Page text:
Researchers Uncover Cellular Signature to Detect Pediatric Sleep Apnea

child in a sleep study
Researchers from the University of Missouri School of Medicine have find that diversity of immune cells provides precise detection of sleep apnea without sleep study.

Researchers from the University of Missouri School of Medicine have discovered how obstructive sleep apnea (OSA) changes the profiles of immune cells in the blood, leading to a unique cellular signature that can accurately detect obstructive sleep apnea in children.

OSA affects 22 million people in the U.S. including children. More than 10% of all children habitually snore, a hallmark symptom of potential OSA, but only one of every four to five snoring children actually suffers from sleep apnea. OSA in children is linked to a higher risk of cognitive, behavioral, metabolic and cardiovascular complications in children. The gold standard for diagnosis is a sleep study called Polysomnography (PSG), which monitors brain waves, blood oxygen levels, heart rate, breathing, eye and leg movements. But researchers have found a blood test may also offer a precise method to diagnose OSA.

Rene Cortese, PhD
Rene Cortese, PhD

“Our research has found that OSA induces changes to the diversity of the immune cells in the body that protect us against harmful viruses, bacteria and diseases,” said Rene Cortese, PhD, assistant professor in the Department of Child Health and the Department of Obstetrics, Gynecology and Women’s Health. “These changes result in a unique gene signature that can be used to diagnose OSA with extremely high precision.”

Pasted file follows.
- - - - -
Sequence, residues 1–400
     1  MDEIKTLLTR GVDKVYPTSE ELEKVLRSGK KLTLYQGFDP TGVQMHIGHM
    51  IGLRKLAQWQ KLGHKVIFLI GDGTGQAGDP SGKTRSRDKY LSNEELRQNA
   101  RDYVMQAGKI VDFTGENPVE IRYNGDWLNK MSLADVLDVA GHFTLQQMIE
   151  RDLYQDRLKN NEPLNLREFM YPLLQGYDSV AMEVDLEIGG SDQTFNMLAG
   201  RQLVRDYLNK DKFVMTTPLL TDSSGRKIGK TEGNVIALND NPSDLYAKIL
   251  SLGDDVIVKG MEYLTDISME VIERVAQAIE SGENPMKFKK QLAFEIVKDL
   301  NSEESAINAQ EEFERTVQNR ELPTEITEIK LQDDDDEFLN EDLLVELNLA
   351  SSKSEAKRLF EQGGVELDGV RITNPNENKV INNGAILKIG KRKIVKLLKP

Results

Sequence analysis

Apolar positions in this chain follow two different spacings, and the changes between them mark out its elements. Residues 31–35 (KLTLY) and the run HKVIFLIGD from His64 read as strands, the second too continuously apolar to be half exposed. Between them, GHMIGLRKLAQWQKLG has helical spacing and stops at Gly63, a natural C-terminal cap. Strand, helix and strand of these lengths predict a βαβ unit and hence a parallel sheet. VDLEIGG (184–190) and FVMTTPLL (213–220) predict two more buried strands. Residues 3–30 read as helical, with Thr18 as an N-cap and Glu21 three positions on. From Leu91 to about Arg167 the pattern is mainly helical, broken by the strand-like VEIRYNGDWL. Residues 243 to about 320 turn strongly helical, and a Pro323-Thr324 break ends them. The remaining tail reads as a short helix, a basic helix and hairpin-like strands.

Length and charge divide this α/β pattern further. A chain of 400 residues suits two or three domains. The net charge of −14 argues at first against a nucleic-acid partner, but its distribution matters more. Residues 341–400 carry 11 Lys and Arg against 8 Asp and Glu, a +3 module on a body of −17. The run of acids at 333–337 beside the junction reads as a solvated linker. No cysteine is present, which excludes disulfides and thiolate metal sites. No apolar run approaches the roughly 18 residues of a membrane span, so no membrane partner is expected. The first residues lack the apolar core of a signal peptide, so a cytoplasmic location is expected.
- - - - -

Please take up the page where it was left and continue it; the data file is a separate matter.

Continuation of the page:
Cortese’s team collected cellular samples from 11 children who were diagnosed with OSA through PSG, and 11 other asymptomatic healthy children without OSA. Using a process called single cell transcriptional profiling combined with traditional gene expression analysis, the team discovered the OSA patients exhibited a decline in the percentage of T-helper immune cells. Those patients also showed elevated levels of cMonocyte cells, a type of white blood cell, and a higher number of atypical B-cells, the producers of antibodies that fight bacteria and viruses.

“Based on these findings, we identified a molecular signature consisting of 32 genes, which distinguished children with OSA from children without sleep apnea with high precision,” Cortese said. “We then tested this signature array in a different and much larger group of non-snoring and snoring children where the gene expression was assessed using a less complex technology. Yet, the signature was able to identify with more than 95% accuracy in which children OSA was present.”

“This is a promising discovery that will require future validation to assess the performance of this gene signature and to confirm the utility of this signature in the clinic,” Cortese said.

In addition to Cortese, the study authors include MU colleagues Leila Kheirandish-Gozal, MD, director of the Child Health Research Institute; David Gozal, MD, the Marie M. and Harry L. Smith Endowed Chair of Child Health; Kylie Cataldo, research specialist; and Justin Hummel, Institute for Data Science and Informatics.

Their study, “Single-cell RNAseq uncovers cellular heterogeneity and provides a signature for pediatric sleep apnea,” was recently published in the European Respiratory Journal.

This work was partially supported by grants from the BioNexus KC Patton Trust Research Grant, Tier 2 and TRIUMPH grants from the University of Missouri, and a Leda J. Sears Charitable Trust grant. The authors disclose no conflicts of interest.